Chromium should make a better effort to increase the security and debug all risky code as they would be able. There is no reason to maintain such a big amount of dangerous bugs month after month, and furthermore they should release “daily 0 patches” for the very risky ones. Every single day, not monthly!
Good grief, this is getting ridiculous. I just updated ungoogled chromium yesterday to 107.0.5304.122. It will probably be 2-3 days before this new 108 version is released. But all of this is why I only use it as secondary browser and only for a few trusted web sites.
+1. Ungoogled Chromium as a secondary “vanilla” (no add-ons) browser for the few sites that need it, and Firefox ESR with uBO, NoScript, Cookie AutoDelete and a few more for daily use. Both in permanent private/incognito mode.
Fewer releases, with fewer bugs, would be welcome.
So I’ve been waiting for a day to comment under this article, wanting to see whether or not we get the same complete nonsense again from the Firefox community, and lo and behold, here we are.
The shills and fanboys posting under this article, which discusses a product they don’t use, continue to overlook the market share imbalance between Chromium (80% market share) and Firefox (4% market share). No hacker gives a single shit about Firefox as any potential exploit would only cover 4% of all website visitors, statistically speaking. This, however, does not mean that Firefox can be described in terms of the code. Firefox has no real site isolation and lacks sandboxing on various platforms, meaning in instances where you have to come up with an escape out of those in Chromium, you don’t even need such an escape in Firefox and you can compromise it more easily. This is not more secure, sorry Firefox shills.
The browser is one of the most attacked tools out there since, by definition, it interacts with internet. This is what browsers have in common with the historical Adobe Flash… except the browser is a far, far, far more complex peace of software encompassing a much wider range of functionality than Flash, but this surely doesn’t stop misguided comparisons being made here. If so much focus of hackers is on the browser, and if Chromium is the most used browser by far, you get what is described in the article, period. If Firefox had 80% market share instead of Chromium, considering that it doesn’t even feature some exploit mitigations that Chromium does have, you would get daily news of it having been compromised and the hacks would be more trivial in nature.
Tired of the heavy stupidity displayed in the comments, ignoring the actual code comparison of either browser and ignoring popularity, a factor that more or less determines whether any given software is a target, or not. All you get on this blog here is shilling and deliberate misinformation from the usual suspects, under every single article.
*described as such, piece
Excuses, excuses, excuses.
Google is worth $100’s of BILLIONS. Hire enough competent people to write and test the code you put out instead of trying to squeak by with as low a spend as possible.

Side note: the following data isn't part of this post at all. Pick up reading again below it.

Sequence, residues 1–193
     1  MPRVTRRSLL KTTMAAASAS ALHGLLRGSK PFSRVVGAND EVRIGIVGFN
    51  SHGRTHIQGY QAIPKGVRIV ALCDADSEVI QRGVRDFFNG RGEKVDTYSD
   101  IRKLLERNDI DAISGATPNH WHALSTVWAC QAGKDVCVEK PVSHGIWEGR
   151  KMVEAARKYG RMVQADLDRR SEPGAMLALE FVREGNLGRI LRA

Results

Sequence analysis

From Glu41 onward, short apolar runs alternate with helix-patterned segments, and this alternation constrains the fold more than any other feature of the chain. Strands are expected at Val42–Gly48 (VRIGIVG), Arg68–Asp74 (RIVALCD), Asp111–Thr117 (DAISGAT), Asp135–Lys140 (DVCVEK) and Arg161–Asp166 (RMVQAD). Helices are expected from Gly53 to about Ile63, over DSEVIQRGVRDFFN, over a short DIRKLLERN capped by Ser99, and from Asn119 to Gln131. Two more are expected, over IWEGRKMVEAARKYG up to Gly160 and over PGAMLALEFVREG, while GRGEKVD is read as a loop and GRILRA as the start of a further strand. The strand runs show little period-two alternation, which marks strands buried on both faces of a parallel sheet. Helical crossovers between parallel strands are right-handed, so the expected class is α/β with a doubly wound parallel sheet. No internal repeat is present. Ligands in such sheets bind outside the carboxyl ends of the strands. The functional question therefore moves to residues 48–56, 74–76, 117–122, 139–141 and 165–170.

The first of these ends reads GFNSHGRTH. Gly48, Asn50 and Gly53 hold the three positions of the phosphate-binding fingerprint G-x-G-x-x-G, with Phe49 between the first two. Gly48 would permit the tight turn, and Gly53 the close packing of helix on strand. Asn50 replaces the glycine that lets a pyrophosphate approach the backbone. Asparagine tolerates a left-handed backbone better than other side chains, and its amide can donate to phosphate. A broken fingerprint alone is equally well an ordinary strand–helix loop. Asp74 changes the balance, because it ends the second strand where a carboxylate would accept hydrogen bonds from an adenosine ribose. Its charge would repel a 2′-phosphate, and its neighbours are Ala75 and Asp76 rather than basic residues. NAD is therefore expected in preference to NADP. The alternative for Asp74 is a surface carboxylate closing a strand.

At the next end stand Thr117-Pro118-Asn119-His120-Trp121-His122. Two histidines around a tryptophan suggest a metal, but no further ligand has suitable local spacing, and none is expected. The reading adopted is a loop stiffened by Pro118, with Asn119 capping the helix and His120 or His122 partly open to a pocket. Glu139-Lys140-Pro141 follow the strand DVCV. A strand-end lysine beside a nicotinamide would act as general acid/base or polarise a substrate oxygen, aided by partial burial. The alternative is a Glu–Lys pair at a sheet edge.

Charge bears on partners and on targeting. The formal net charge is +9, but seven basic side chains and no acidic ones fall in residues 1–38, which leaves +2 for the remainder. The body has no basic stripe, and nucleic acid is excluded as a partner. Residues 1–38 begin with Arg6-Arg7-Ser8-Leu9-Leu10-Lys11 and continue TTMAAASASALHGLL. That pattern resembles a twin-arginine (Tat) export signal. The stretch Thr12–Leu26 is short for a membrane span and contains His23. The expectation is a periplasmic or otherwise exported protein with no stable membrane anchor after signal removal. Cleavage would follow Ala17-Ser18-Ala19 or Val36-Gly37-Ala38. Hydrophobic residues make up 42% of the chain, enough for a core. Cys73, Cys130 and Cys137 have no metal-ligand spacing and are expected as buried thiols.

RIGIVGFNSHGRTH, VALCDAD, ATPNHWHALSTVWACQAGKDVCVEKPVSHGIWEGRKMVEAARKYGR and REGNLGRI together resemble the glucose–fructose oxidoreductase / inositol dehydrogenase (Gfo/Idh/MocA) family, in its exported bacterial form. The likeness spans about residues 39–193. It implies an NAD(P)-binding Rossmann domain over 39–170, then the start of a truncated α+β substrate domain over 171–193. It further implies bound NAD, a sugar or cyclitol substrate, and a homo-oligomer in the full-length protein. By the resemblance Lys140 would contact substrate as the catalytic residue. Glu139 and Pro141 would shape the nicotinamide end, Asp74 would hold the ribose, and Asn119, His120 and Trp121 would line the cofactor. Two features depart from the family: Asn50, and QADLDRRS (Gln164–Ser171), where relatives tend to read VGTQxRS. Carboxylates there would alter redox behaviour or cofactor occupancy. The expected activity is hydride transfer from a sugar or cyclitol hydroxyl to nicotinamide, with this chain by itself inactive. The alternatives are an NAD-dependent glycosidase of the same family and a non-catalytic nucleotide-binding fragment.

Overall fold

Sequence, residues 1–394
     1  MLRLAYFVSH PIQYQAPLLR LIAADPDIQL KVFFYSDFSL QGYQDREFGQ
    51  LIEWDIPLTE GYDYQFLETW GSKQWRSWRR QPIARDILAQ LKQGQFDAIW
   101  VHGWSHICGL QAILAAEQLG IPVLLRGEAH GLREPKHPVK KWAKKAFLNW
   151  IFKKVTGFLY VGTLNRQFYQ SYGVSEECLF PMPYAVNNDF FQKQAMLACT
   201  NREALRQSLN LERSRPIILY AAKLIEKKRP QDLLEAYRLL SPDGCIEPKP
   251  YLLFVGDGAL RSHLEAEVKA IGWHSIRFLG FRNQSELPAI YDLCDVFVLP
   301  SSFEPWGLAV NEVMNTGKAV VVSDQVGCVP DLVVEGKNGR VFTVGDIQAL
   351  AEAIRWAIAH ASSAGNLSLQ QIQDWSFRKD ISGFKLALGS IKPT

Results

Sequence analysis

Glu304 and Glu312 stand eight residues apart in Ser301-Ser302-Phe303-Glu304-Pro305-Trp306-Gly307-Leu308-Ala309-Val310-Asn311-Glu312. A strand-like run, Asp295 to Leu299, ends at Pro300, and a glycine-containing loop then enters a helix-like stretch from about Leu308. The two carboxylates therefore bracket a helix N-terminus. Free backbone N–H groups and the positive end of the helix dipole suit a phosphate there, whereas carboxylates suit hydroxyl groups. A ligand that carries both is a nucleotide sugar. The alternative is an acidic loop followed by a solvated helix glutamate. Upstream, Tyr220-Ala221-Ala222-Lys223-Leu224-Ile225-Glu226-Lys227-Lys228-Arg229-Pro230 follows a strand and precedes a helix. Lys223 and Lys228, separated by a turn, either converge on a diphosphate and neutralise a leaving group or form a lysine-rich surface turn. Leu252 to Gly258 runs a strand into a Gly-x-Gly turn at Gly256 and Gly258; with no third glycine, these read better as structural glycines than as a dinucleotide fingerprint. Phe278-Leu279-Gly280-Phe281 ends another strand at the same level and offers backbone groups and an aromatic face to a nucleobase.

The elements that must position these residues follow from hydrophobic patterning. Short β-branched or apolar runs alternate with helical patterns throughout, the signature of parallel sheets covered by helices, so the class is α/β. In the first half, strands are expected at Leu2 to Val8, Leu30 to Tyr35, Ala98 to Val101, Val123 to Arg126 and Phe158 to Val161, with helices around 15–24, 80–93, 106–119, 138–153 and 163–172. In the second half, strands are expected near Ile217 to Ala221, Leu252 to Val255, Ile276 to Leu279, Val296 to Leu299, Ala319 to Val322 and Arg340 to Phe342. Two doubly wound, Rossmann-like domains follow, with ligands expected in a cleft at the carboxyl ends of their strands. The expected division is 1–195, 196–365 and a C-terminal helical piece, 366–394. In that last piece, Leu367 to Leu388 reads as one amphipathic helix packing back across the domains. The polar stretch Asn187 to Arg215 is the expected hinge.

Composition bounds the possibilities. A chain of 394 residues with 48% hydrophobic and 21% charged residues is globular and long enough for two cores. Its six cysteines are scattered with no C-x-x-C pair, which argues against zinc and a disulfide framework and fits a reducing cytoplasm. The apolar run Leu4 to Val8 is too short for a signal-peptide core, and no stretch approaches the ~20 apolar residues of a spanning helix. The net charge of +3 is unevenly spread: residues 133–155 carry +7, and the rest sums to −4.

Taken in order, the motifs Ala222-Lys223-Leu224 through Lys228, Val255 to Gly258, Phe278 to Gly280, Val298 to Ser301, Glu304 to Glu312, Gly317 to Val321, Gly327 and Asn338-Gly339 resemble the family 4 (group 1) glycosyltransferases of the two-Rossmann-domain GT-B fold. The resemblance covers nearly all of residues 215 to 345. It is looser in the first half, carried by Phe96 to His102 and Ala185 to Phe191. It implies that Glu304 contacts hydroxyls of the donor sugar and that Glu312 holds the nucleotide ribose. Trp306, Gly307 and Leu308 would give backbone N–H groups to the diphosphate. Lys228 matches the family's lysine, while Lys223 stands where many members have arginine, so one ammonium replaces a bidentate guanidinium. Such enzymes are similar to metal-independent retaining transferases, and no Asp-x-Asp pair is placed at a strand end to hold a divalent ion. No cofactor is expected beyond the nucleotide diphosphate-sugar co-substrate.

28 security issues in a browser with 108 prior releases is criminal. Heads should roll.
Google never was good, they don’t even know what their customers/products want. Every year you see dozens of axed Google products. I assume half their devs are working on projects to be culled just a year later.
@Iron Heart – you’re not wrong, but I prefer Firefox for general use because more privacy, more control, and they’re not going to do a half hearted attempt at deprecating adblockers like Chrome is planning.
However – Chrome/Google have far more money & developers to throw at the project, most of the severe vulnerabilities in the past have been caused by insecure memory – why on earth are they not making a consolidated hard push to switching Chrome’s entire codebase to Rust?
I mean, use whatever. I can’t influence that and I don’t want to influence it either.
All I want is to argue against provably false claims – the false claim being that Firefox is more secure. This can’t be proven via the actual code of the browser, as Firefox demonstrably lacks various exploit mitigations. It might nominally get hacked less, however this is not due to superior security, but rather due to the fact that it is fairly irrelevant compared to Chromium.
Google is a big corporation and has the funding, however the code is still written by human beings, meaning there will be errors which are not immediately noticed. Consider that modern browsers are as complex as operating systems, this is also true for Firefox. They are the most attacked piece of software on your PC as they interact with the internet and Chromium is the most popular / attractive to hack browser, so…
As for the memory-safe language, Google is discussing such a transition. Maybe they will choose Rust, maybe another memory-safe language (yes, there is more than one). This might help against a specific class of vulnerabilities but is not a silver bullet fixing everything. Firefox needs to make this transition as well seeing how none of the most attacked components of Firefox is actually written in Rust as of yet.